I have mentioned this before, we did not have active cooling or heating. In fact I lie, we had a fan or two during hot summers. Our father bought a Solahart hot water system well before they were hip and this gave us a huge amount of hot water during summer. So much that we could leave the supplemental electric heater turned off at the circuit breaker and still have plenty of hot water. During winter, the system was also left off. My parents would only turn it on occasionally to boost the solar system’s efforts on really gloomy, overcast days.

Building strength and discipline and not just immediately reaching for the switch that makes discomfort go away. Building a lifetime habit of acclimatisation with the changing season and environment.


My parents were very  much working class and came from poor backgrounds in their home country. They decided to surround themselves with children and worked hard for it. So most of the above cost-cutting measures were done out of necessity than any sort of planned parenting strategy. There however may be some golden nuggets in there to teach us all how seemingly small lessons we can teach our children can have a huge impact on how they live and view the world into adulthood.

Not just a collection of thoughts about my childhood, but all ingrained habits that meant I was able to save a huge sum of money in my 20’s fairly effortlessly.

In my next post, I will write more specifically about how I wasted money in my 20’s and still managed to save a truckload.

Shuffling through life lessons

Pat the Shuffler


*I was still a little brat that would not eat certain things though. This paragraph is more about being careful and considerate with your food. Also about being appreciative enough to not let food go to waste.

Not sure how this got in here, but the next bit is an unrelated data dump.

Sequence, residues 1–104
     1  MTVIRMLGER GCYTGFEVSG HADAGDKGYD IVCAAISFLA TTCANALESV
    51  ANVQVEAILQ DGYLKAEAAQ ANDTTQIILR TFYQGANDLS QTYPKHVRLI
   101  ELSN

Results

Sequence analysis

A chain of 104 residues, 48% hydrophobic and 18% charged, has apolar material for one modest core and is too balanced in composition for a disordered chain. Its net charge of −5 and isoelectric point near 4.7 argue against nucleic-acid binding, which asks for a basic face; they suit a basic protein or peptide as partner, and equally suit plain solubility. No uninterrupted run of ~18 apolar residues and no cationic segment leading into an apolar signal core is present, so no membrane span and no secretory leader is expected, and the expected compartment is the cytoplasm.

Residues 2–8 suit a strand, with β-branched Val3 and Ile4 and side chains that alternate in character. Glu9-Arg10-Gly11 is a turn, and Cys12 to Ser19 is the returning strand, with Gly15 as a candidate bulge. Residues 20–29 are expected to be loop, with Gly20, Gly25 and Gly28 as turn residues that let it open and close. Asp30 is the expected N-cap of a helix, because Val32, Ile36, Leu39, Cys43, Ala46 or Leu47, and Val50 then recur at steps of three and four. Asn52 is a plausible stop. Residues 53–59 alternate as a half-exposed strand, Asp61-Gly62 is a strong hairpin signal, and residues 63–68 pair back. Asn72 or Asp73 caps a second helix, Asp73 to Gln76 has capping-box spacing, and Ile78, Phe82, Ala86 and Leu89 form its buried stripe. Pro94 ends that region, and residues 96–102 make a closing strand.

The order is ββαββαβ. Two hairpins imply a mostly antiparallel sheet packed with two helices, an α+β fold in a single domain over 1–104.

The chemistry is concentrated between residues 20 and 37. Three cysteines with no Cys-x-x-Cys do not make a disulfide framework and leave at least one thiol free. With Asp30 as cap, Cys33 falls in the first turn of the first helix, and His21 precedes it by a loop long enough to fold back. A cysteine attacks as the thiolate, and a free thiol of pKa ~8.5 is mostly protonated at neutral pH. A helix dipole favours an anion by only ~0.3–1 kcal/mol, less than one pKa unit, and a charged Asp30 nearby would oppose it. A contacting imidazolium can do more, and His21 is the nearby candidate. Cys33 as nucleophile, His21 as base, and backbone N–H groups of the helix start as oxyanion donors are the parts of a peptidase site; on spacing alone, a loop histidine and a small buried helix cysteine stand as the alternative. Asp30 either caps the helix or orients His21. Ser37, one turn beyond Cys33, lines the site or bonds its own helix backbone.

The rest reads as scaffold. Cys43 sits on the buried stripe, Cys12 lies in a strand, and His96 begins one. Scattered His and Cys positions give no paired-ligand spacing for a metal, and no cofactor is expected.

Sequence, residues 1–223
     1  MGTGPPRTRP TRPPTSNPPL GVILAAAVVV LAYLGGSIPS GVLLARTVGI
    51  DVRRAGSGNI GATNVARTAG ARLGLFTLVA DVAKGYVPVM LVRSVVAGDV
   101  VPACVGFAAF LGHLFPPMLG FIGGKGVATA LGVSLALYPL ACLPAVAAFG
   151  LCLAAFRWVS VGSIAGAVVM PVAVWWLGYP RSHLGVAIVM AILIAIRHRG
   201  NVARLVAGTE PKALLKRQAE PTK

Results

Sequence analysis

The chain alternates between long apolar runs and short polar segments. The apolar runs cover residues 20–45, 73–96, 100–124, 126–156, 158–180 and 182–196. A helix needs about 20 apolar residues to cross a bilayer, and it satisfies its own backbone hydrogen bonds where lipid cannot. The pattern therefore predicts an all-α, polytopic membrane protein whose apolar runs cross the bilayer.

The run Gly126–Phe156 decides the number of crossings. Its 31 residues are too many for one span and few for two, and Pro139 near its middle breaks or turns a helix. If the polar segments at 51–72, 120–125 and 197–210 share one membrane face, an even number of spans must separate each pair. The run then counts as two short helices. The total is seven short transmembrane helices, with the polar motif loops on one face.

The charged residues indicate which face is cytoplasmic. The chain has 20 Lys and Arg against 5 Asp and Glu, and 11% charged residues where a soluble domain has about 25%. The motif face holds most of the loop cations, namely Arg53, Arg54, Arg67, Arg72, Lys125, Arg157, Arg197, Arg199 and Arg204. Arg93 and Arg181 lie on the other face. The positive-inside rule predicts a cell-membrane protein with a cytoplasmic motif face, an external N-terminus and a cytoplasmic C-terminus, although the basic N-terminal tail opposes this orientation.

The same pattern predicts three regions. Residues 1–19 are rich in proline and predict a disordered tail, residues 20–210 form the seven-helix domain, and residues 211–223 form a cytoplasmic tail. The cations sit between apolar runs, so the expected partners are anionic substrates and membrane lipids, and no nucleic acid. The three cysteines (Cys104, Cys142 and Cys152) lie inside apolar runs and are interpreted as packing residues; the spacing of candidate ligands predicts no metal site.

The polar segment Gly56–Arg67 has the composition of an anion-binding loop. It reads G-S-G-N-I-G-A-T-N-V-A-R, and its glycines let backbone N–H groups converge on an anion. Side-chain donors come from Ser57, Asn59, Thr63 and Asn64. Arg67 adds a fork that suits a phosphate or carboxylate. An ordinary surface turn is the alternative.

**Though I will admit that we did sometimes get a small present when we were very young, under 10 years old I believe. But certainly not every Christmas and certainly not the several piles of presents that I now see under trees.

4 Replies to “The Making of a Shuffler – Part 1: Lessons of Childhood”

  1. Your childhood sounds much like mine! With the difference that pocket money was given on a daily basis (in a rather small amount) and any not used had to be returned to my parents. I was also chauffeured around but that’s because public transport in my home country and general safety in general was rather lacking.

    I definitely agree on so many fronts, especially the present bit. As a child I thought it was awfully mean to not have parties, presents or cakes for birthdays. But now I realised that the bond we have built is far beyond any of these celebrations. We do not need material items to know that we love each other!

    Looking forward to your next post as I actually rebelled against all the financial and physical restrictions in my 20s and wasted a crap ton of money, but unlike you, saved nothing!

    1. Hey Pia

      Thanks! It is not that uncommon an upbringing I feel, but looking back on these things does make you think a bit about how you have become who you are today. I think I really just out earned the value of desires, which is still a great thing in of itself because a lot of peoples desires just continue to grow with their pay packet.


  2. Much better! Thanks 🙂

    My family also taught me to eat everything on the plate.

    My family also doesn’t put much emphasis on gift giving. Shouldn’t be expensive, only tended to buy for immediate family. I’ve known friends that bought gifts for all their friends too, cost them a fortune!

    1. It is odd, I go to 2 Christmas’ one where the tree is filled with gifts till you cannot fit anymore and another where the tree is empty. In both cases we love our families equally. Gifts can be fine, I’d just like to avoid the commercialisation of the whole holiday.